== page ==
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Ethanol is used in racing engines.
Ethanol increases HP.
Pure ethanol is 113 on the octane scale.
Actually ethanol does not increase HP. It allows for a higher compression which does increase power output of the engine. The compression is to low on engines running gasoline therefore there is less power output from having ethanol in the gasoline. See the wiki quote below.

"Ethanol contains approximately 34% less energy per unit volume than gasoline, and therefore in theory, burning pure ethanol in a vehicle reduces range per unit measure by 34%, given the same fuel economy, compared to burning pure gasoline. However, since ethanol has a higher octane rating, the engine can be made more efficient by raising its compression ratio."

 

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Sonwon, you're talking about higher octane but that's not what jdock is referring to. Ethanol gives power to an unmodified engine because it adds oxygen. It only needs a richer AFR to make up for the lesser amount of pure hydrocarbons that it displaces. Same is true for any oxygenant. It looks like a stock Rebel does run rich enough up thru the mid range according the measured AFR. Most bikes are a little rich at full throttle and might see the same benefit. If fueling isn't rich enough, E0 would make more power.
 

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Sonwon, you're talking about higher octane but that's not what jdock is referring to. Ethanol gives power to an unmodified engine because it adds oxygen. It only needs a richer AFR to make up for the lesser amount of pure hydrocarbons that it displaces. Same is true for any oxygenant. It looks like a stock Rebel does run rich enough up thru the mid range according the measured AFR. Most bikes are a little rich at full throttle and might see the same benefit. If fueling isn't rich enough, E0 would make more power.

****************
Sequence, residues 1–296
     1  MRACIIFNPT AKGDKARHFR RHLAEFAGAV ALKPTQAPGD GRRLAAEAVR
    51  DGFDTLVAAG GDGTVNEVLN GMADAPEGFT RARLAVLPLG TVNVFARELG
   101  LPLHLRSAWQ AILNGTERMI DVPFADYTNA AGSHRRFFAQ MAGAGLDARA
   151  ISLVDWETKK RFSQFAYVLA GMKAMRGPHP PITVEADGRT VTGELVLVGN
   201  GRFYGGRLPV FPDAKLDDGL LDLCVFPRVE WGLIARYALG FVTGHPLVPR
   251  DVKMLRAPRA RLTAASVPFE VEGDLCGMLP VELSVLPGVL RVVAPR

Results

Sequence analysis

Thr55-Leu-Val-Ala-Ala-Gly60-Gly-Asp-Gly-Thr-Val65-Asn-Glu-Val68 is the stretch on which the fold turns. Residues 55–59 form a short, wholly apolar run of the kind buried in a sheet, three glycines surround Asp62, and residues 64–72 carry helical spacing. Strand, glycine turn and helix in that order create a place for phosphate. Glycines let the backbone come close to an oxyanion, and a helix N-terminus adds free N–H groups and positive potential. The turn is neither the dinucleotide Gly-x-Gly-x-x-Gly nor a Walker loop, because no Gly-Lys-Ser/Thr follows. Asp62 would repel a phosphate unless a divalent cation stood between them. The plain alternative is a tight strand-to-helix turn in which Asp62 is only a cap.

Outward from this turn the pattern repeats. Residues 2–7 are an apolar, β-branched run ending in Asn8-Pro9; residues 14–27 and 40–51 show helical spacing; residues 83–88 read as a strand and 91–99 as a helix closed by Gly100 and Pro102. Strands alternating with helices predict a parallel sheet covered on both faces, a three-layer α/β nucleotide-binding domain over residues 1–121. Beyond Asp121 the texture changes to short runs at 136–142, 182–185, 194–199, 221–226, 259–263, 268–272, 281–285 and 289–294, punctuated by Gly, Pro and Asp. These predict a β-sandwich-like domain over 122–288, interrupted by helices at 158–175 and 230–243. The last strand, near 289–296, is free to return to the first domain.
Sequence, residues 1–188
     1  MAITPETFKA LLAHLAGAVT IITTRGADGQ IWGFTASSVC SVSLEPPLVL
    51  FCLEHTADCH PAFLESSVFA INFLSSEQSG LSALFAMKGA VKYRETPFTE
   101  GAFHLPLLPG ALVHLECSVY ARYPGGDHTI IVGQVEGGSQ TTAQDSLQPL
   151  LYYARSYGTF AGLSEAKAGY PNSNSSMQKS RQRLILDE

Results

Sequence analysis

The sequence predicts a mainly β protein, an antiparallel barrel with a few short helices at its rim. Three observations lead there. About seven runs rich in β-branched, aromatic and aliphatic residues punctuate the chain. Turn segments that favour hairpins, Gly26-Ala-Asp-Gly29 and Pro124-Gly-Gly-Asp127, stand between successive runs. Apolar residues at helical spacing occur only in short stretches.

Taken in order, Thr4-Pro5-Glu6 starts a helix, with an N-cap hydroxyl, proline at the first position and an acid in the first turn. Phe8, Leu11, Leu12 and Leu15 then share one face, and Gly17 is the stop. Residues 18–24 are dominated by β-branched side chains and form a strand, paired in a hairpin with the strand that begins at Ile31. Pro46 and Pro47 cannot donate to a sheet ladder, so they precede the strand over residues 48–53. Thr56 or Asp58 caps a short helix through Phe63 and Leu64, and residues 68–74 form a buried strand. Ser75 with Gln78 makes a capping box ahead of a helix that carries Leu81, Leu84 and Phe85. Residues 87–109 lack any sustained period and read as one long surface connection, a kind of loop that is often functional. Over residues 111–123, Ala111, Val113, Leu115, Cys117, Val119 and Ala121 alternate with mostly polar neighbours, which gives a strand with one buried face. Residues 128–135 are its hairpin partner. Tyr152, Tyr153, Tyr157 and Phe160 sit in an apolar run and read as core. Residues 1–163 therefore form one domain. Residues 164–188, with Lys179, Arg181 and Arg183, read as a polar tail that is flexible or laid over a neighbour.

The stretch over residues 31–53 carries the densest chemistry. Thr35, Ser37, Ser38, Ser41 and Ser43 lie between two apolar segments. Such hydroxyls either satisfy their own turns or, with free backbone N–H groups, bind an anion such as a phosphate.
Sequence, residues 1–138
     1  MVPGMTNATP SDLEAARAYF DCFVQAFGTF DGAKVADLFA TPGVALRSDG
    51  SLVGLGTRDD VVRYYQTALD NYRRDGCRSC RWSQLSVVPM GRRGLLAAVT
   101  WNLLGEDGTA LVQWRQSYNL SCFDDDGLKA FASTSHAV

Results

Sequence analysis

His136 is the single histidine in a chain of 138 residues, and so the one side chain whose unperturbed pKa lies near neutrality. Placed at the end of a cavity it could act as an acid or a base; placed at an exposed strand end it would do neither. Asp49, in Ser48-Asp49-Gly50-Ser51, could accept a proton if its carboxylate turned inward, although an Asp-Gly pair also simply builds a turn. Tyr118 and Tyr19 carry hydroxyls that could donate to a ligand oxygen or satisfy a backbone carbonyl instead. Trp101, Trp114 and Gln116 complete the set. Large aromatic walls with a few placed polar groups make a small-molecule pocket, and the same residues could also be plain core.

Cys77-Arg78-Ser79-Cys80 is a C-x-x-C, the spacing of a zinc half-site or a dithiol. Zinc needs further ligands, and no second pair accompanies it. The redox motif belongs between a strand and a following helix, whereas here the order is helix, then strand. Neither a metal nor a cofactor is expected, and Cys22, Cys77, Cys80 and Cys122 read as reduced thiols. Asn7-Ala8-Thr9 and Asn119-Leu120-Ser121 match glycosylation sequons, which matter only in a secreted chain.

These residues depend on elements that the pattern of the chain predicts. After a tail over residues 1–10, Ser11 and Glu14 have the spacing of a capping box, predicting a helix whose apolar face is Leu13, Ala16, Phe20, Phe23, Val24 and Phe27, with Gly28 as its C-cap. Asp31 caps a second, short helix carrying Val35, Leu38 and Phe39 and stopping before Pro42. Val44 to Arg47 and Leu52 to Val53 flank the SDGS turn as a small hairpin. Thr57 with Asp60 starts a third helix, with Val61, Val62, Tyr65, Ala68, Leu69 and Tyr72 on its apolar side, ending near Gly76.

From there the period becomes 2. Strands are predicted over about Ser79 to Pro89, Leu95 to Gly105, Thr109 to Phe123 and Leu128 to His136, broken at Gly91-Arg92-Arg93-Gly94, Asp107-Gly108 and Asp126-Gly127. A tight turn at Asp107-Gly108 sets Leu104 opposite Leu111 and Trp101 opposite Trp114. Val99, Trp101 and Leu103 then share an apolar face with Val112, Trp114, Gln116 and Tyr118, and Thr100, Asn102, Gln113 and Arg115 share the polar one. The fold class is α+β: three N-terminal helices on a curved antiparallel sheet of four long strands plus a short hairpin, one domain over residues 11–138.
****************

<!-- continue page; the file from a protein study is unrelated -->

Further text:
Thank you for the clarification, in my defense nowhere was oxygenanted mentioned. And as you pointed out this relies on a rich fuel mixture which was also not mentioned. I suppose if it is rich enough it could work however modern engines are designed to run lean to reduce emissions. I doubt the Rebel 500 would be rich enough to benefit from E10. I admit I have never seen a fuel map for a stock Rebel 500. Do you have one?

In personal test in cars E0 tends to provide a little better fuel mileage. I run E5 in an 1100 since the E0 is more than double the price and is very hard to find. I know my Sportster runs better with E5 than E10. E10 gave it this odd stumble when really hot, likely a problem with air cooling over water cooling, the ECM didn't properly adjust to E10, just the fact E10 burns hotter, or all of the above. The E10 did meet the knock requirements of the Sportster. I also like having a little less corrosion water sucking fuel in the tank so I use E5 in all my bikes.
 

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The O2 sensor is used to control AFR at idle and cruise automatically so that gets adjusted to around 14.2:1 for E10. As revs go up and loads increase, manufacturers tend to keep things pretty much on the increasingly too rich side. That's according to various dyno charts that show AFR. What I'd like to know is the ethanol content used. Here's one for the CB500:
Rectangle Slope Font Line Plot
 
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